The UN climate chief on Tuesday voiced regret over Canada's withdrawal from the Kyoto Protocol and said that the country still had legal obligations to work against global warming.
Christiana Figueres, head of the UN Framework Convention on Climate Change, also expressed surprise that Canada chose to announce its decision just after more than 190 countries reached a hard-fought accord in Durban, South Africa.
"I regret that Canada has announced it will withdraw and am surprised over its timing," Figueres said in a statement.
"Whether or not Canada is a party to the Kyoto Protocol, it has a legal obligation under the Convention to reduce its emissions, and a moral obligation to itself and future generations to lead in the global effort," she said.
"Industrialized countries whose emissions have risen significantly since 1990, as is the case for Canada, remain in a weaker position to call on developing countries to limit their emissions," she said.
Canada on Monday became the first country formally to quit the landmark Kyoto Protocol as it sought to avoid paying penalties of up to CAN$14 billion (US$13.6 billion) for missing targets on cutting carbon emissions.
But Canada, like virtually all countries, remains part of the UN Framework Convention on Climate Change -- set up by the 1992 Rio Earth Summit which called in broad terms for global action against human-caused global warming.
The Kyoto Protocol, reached in 1997 after marathon talks in Japan's ancient capital, requires only wealthy nations to cut emissions blamed for climate change.
Canada joins the United States as the only major industrial nation to shun Kyoto. US president George W. Bush rejected the treaty as one of his first acts in office, calling it unfair.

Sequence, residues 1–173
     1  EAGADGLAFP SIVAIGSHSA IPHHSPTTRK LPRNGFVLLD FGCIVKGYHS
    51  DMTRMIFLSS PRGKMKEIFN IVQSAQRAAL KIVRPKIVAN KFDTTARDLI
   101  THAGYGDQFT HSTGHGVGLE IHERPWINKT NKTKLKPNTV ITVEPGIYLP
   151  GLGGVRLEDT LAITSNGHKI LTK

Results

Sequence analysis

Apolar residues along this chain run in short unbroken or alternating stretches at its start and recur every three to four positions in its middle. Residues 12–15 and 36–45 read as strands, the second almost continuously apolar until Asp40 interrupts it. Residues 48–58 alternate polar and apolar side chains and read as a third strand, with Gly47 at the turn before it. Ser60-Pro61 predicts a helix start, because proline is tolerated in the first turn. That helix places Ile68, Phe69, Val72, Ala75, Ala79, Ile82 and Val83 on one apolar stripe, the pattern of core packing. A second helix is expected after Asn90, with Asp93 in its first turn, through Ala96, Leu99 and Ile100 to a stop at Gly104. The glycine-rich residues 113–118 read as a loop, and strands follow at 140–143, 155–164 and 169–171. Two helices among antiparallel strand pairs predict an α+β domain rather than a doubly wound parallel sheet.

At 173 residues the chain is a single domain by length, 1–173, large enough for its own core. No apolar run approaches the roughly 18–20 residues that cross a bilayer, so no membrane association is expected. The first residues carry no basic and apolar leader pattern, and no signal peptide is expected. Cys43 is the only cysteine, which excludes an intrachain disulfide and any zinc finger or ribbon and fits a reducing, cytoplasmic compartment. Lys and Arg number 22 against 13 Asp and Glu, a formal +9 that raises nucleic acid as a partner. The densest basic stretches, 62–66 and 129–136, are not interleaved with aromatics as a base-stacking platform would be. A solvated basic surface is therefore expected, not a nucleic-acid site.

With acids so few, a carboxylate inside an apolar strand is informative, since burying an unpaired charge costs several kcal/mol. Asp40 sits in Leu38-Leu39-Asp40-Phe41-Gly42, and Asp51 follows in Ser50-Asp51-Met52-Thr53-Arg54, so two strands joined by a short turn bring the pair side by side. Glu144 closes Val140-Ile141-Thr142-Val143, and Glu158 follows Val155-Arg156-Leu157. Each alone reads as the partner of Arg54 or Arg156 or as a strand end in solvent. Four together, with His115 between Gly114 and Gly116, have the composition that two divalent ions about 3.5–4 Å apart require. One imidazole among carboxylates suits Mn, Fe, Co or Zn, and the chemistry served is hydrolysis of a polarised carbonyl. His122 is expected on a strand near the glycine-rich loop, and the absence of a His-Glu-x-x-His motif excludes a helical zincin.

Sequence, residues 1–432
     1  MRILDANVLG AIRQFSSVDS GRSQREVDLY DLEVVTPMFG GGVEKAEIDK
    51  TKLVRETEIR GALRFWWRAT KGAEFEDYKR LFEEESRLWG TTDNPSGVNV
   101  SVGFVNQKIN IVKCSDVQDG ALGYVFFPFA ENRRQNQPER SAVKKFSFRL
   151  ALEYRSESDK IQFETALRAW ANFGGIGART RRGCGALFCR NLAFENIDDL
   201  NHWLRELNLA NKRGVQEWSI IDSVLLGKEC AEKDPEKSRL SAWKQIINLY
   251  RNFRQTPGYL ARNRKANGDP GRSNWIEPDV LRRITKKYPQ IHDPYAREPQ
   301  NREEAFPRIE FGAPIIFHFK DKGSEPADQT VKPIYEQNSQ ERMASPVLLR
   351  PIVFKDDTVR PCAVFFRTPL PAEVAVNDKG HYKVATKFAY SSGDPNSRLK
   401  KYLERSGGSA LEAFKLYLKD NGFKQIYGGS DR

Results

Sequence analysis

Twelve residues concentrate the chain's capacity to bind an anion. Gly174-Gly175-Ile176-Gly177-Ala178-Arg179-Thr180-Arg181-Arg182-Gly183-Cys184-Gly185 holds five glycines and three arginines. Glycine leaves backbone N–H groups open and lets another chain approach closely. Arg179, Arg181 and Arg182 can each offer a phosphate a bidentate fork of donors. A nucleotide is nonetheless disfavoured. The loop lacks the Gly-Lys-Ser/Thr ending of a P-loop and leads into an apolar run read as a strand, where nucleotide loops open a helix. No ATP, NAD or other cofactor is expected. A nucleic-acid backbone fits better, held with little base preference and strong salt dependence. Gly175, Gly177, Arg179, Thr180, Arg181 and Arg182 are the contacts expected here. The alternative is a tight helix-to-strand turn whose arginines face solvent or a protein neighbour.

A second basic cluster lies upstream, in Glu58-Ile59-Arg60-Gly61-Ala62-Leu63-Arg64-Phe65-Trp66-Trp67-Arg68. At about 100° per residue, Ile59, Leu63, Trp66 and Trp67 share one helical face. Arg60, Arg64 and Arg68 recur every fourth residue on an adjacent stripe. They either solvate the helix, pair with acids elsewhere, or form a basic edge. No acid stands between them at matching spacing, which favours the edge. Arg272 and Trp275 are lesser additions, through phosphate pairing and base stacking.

"Canada is obviously a sovereign country and can make its own decision," Todd Stern, the US envoy for climate negotiations, told reporters on a conference call when asked about the move.
"The US, as you all know, is not in Kyoto, so it's not something certainly that we're going to criticize or take a position on," he said.
But Stern said he doubted the impact of Canada's decision, noting that the European Union is the only major player that has signed on to an extension of Kyoto whose obligations were scheduled to run out at the end of 2012.
The Europeans offered the new round of Kyoto pledges on emission cuts in a bid to encourage developing countries to sign on to the Durban agreement, which calls for the first climate treaty covering the whole world by 2015.
"I think Kyoto, it's fair to say, is more the past than the future," Stern said.
"If the discussion is what's going to be in a new regime that includes everybody, that's got developed and developing countries in and how that's going to get structured, I don't actually think that Canada being in or out of Kyoto is going to really have a big effect," Stern said.
A number of other countries criticized Canada including France, which called the decision "bad news for the fight against climate change," and China, which urged Canada to "face up to its responsibilities and obligations."
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